I love the idea of sharing a blog with you, Emma. Now to see how the reality feels.
First, an update on my appearance at Bouchercon in San Francisco this coming week–my panel is at 3:00 pm Friday:
Writing historical crime fiction. How accurate do you have to be?
Oline Cogdill (M), Rebecca Cantrell, Candace Robb, Roger Hudson, Caroline Todd,
Room: Seacliff C
Neither I nor anyone else on the panel understands the title, but we hope you’ll engage us in some great discussion.
And if you’re in the Bay area this week but not going to Bouchercon (well, even if you are)–come see Emma read from The King’s Mistress and talk about Alice Perrers at A Great Good Place for Books, in Oakland, on Wednesday evening (13 Oct) at 7:00 pm.
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I had intended to play with some of the ideas Emma and I came up with while brainstorming the Sarum Seminar talk: On Second Thought: Reconsidering the Reputations of Alice Perrers and Joan of Kent , but suddenly the talk’s just a few days away and I’m tidying up loose ends.
And, by the way, here’s another chance to see Emma and me–at Stanford University this coming Tuesday, the 12th (busy week):
For now, I wanted to post a comment on one of Emma’s earlier posts and my response–not everyone reads comments. I’ll expand on this later.
A reader (Mary Beth) wrote:
Your new blog is a timely find for me, as I just finished reading “The King’s Bishop ” and found your portrayal of Alice in this book quite fascinating.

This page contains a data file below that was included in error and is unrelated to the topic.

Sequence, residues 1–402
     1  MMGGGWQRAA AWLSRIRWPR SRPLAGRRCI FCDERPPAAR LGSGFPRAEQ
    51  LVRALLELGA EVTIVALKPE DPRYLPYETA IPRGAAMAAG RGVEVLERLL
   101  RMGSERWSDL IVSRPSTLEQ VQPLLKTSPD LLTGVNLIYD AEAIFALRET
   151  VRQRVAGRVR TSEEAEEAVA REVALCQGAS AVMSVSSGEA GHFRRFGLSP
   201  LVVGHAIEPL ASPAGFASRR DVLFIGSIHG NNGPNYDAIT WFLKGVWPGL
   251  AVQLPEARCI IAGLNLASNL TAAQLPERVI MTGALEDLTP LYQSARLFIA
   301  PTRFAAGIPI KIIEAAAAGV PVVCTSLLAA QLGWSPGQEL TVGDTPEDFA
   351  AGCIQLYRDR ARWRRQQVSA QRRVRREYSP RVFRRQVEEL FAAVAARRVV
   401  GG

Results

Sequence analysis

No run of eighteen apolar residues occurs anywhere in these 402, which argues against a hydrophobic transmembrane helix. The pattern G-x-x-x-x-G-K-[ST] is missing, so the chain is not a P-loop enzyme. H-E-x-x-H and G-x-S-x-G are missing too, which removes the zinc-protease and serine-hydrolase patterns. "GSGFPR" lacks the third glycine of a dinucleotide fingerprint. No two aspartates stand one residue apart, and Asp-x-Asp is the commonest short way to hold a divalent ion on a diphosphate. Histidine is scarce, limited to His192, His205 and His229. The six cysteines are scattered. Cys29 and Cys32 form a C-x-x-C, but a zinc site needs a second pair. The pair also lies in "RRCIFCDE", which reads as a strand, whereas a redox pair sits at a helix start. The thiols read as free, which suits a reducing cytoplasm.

How was the experience of writing/researching “The King’s Mistress” compared to Alice of the Owen Archer series? Do you feel that she is a different woman from the character of your earlier series? Or was the new book a chance to indulge in a desire to dig deeper and deeper into someone who just intrigued you and deserved a new understanding?
I mean, do you recognize the Alice of your earlier books as the same Alice in your new book? (Which I just now found out about by reading this blog- great! I’ll have to get it!)
I replied in the comments:
I remember with what fun I used Alice Perrers in The Lady Chapel, but by the time I wrote The King’s Bishop I was taking her more seriously. It’s been a while since I reread that book, but I do know I was already feeling far more empathy for her than I had in TLC—she was no longer just Thoresby’s nemesis. It was during a long tour for the book in the UK that I began to question the standard story of her life—it seemed more and more implausible to me as I explained it to audiences. So, yes, in The King’s Mistress I present a very different Alice, brought to life through years of pondering and presenting papers at academic conferences to entice fellow historians to share the snippets they’d collected. It’s been a fascinating and rewarding journey, leading to a new set of books in which I’m reconsidering reputations.
Emma and I both have much more to say about this. Stay tuned!